June 13, 2018 / 12:58 PM / 9 months ago

FACTBOX-Soccer-Factbox on the winning North American bid for the 2026 World Cup

    June 13 (Reuters) - Factbox on the joint North American bid
by the United States, Mexico and Canada that was chosen to host
the 2026 World Cup by the FIFA Congress in Moscow on Wednesday.
    Main points of bid
    * The success of the United Bid will make the 2026 World Cup
the first to be hosted in three countries and the first since
2002 (South Korea and Japan) to be held in multiple nations.
    * The three countries will share the responsibility of
hosting by staging 60 matches in the United States and 10 each
in Canada and Mexico.
    * The 2026 tournament will be the first expanded tournament
featuring 48 teams, up from the current 32-team tournament.
    * The final will be held at the MetLife Stadium in New
Jersey, home to the NFL's New York Giants and New York Jets.
    The numbers
    * The United Bid received 134 votes compared to 65 for
Morocco from members of the FIFA Congress. One member voted for
"neither bid."
    * The members behind the United Bid pledged that a World Cup
in North America would generate an $11 billion profit.
    * The United Bid also projected that a World Cup in North
American would generate more than $5 billion in short-term
economic activity, including the creation of 40,000 jobs and
more than $1 billion in incremental worker earnings for the
candidate host cities and countries.
    * The United Bid projects more than 5.8 million tickets will
be sold, generating more than $2 billion in ticketing revenue.
    * The United Bid has prospective stadiums situated across 23
candidate cities, from which 16 will be selected.
    * The 17 U.S. candidate cities are Atlanta, Baltimore,
Boston, Cincinnati, Dallas, Denver, Houston, Kansas City, Los
Angeles, Miami, Nashville, New York/New Jersey, Orlando,
Philadelphia, San Francisco, Seattle and Washington.
    * Canada (Edmonton, Montreal and Toronto) and Mexico
(Guadalajara, Mexico City and Monterrey) each have three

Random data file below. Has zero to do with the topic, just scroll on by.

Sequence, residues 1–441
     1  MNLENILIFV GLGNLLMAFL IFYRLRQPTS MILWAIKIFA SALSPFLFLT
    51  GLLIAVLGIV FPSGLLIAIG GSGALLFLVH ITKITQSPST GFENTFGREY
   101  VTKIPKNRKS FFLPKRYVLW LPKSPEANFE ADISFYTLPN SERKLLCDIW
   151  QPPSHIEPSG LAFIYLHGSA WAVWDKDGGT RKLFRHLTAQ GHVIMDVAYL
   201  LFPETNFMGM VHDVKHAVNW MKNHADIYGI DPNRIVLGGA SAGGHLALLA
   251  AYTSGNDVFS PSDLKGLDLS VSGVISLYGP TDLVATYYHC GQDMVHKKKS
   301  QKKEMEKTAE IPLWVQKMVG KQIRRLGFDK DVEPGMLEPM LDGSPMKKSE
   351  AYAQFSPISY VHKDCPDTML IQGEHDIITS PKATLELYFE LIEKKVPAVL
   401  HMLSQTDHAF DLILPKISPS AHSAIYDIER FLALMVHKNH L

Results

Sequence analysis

candidate cities.
    Previous bids
    1970 - Mexico was chosen ahead of the only other submitted
bid from Argentina. The tournament was the first World Cup
hosted in North America.
    1986 - Mexico became the first nation to stage the
tournament twice after they replaced Colombia as the host
country when the latter dropped out for financial reasons. The
replacement host beat bids from Canada and the United States.
    1994 - The United States beat out Brazil and Morocco for
hosting duties after one round of voting. The attendance of
nearly 3.6 million remains the highest in World Cup history.
    2022 - The United States reached the fourth and final round
of voting but lost to Qatar in a 14-8 vote.
    Favourable conditions
    * Canada, Mexico, and the United States require no new
stadium construction to stage the 2026 World Cup.
    * Each of the stadiums included in the proposal are already
built and have an average capacity of more than 68,000.
    * Each country has the full support of its respective
national and local government leaders, as well as business,
civic, and sports champions.
    * All candidate host cities have existing transportation,
accommodation, medical, technology, and other infrastructure
that meet or exceed the requirements outlined by FIFA.

 (Compiled by Aditi Prakash in Bengaluru
Editing by Christian Radnedge)
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